How to Survive Working From Home: 5 Tips From an Office Returnee - Page 2
2. Set boundaries
Distractions in the home are everywhere. Not only the ones you enjoy (T.V., your hobbies, your family) but also – chores! When I first started working from home I thought it was fabulous that I could put loads of laundry in the machine or food in the oven while working. However, in time, I realised that these tasks could very easily become excuses to procrastinate on work. Before you know it, the day is over and although you'll have clean clothes and a tasty dinner, you may be significantly behind on the stuff that's paying the bills that facilitate those things! Set yourself some boundaries. Determine some working hours that fit in with how you want to live your life.
When I discovered the Pomodoro technique, I started using the 5 minute breaks to do chores (I use Pomodairo as my timer – it's free). All those small sessions really add up, taking away the dread from the thought of having to do chores. It's also an excuse to get up from your desk, move and even practice some mindfulness.
3. Go through the motions
Get up, shower and dress. These may seem like very obvious suggestions but you'll be surprised how easy it is to stay in your pyjamas all day. After all, who's going to see you? The longer you leave it until you get these basic actions out of the way, the less likely you'll be to leave the house (reference tip number 1) and the less likely you'll feel ready, amped and productive in general. It's a psychological thing that may indeed be due to years of conditioning from working in an office. It helps immensely!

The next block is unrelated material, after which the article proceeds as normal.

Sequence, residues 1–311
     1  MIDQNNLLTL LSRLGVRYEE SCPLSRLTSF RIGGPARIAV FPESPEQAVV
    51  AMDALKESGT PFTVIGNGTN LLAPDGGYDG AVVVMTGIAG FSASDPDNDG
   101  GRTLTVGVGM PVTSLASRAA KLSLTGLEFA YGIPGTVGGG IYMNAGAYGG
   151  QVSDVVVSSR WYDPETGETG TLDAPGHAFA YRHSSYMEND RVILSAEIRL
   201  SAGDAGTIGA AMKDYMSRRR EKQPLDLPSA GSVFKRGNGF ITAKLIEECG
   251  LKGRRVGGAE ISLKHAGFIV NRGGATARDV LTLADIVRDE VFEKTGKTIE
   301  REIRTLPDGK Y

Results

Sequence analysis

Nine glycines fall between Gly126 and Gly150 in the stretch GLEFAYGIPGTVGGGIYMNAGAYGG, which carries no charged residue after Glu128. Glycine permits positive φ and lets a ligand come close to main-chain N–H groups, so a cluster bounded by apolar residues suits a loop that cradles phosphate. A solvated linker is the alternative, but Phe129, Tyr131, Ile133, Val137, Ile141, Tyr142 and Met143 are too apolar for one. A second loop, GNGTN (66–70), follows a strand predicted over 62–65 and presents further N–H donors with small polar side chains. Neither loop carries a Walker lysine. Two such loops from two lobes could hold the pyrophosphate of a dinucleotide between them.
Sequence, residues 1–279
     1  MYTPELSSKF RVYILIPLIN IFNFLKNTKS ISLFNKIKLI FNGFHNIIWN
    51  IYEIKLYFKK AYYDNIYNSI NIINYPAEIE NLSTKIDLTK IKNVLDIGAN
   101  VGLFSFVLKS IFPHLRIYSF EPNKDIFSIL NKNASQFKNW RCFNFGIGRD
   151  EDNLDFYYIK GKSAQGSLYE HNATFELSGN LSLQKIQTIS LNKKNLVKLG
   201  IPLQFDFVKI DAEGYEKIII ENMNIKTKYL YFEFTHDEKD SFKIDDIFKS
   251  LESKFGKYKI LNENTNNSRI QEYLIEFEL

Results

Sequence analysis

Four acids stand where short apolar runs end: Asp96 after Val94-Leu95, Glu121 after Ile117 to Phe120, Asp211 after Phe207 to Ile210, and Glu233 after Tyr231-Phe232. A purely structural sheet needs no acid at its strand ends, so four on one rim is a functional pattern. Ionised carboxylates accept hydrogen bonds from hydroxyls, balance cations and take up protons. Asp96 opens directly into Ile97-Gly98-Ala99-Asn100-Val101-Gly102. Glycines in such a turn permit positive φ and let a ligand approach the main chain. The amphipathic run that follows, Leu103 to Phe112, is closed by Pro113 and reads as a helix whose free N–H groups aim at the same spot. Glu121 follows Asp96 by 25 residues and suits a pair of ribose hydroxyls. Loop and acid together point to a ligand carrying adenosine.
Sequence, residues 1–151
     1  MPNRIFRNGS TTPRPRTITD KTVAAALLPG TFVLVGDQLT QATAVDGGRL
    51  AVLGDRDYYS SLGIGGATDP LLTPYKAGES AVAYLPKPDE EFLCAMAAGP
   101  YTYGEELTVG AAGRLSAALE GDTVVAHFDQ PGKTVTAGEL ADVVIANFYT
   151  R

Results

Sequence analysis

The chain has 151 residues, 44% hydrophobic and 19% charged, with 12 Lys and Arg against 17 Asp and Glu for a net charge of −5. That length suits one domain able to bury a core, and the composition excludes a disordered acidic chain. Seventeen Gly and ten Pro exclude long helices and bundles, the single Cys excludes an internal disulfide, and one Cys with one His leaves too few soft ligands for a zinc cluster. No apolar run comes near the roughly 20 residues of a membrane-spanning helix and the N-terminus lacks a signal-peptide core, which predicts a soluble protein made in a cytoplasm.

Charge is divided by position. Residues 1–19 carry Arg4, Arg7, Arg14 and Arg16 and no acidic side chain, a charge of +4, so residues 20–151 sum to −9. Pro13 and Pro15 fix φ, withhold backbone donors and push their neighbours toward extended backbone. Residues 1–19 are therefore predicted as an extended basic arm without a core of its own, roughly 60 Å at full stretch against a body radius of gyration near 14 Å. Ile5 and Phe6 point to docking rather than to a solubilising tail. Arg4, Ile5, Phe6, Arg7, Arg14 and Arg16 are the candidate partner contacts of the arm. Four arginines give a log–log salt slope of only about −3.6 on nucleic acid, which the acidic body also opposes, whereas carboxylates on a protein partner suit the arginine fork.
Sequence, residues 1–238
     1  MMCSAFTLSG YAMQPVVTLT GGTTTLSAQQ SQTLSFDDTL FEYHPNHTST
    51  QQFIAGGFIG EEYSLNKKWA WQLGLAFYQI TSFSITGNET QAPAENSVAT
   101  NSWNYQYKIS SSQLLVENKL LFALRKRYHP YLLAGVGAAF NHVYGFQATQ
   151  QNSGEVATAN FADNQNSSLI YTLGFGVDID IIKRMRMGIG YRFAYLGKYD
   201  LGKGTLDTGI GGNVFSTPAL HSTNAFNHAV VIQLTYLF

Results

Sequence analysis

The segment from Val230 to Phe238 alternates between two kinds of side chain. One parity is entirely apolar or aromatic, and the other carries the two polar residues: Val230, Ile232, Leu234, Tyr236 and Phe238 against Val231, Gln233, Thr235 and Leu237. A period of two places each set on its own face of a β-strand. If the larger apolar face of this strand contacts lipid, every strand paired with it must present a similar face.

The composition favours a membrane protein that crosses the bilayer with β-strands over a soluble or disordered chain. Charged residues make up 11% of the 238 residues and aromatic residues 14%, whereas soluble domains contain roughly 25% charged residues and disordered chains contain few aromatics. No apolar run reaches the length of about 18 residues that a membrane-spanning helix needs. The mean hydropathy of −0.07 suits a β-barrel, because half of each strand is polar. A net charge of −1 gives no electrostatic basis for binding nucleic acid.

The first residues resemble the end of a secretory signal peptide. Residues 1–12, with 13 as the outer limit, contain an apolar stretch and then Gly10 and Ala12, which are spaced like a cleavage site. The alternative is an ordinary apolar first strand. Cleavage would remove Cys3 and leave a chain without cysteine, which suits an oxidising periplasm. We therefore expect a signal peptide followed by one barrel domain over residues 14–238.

4. Set limits
Different from number 2 because in this case, you're setting limits so that you don't work too much! Once you remove the commute and the regular working hours, you have this amorphous working week. It's easy to consume yourself with work, especially if you're working for yourself (if you're working for somebody else, you may overwork in order to prove your productivity, given that you're not present and visible in the office). Weekends become working days with the bonus of a guilt-free lie-in. Holidays become legendary tales. This is not sustainable and you will pay dearly for the consequences if you indulge in this self-neglect (perhaps in the form of a very unhappy spouse, likely in some level of burnout). Just as you set boundaries regarding non-work related activities, it's important to set limits for how much time you'll spend working.Continued on the next page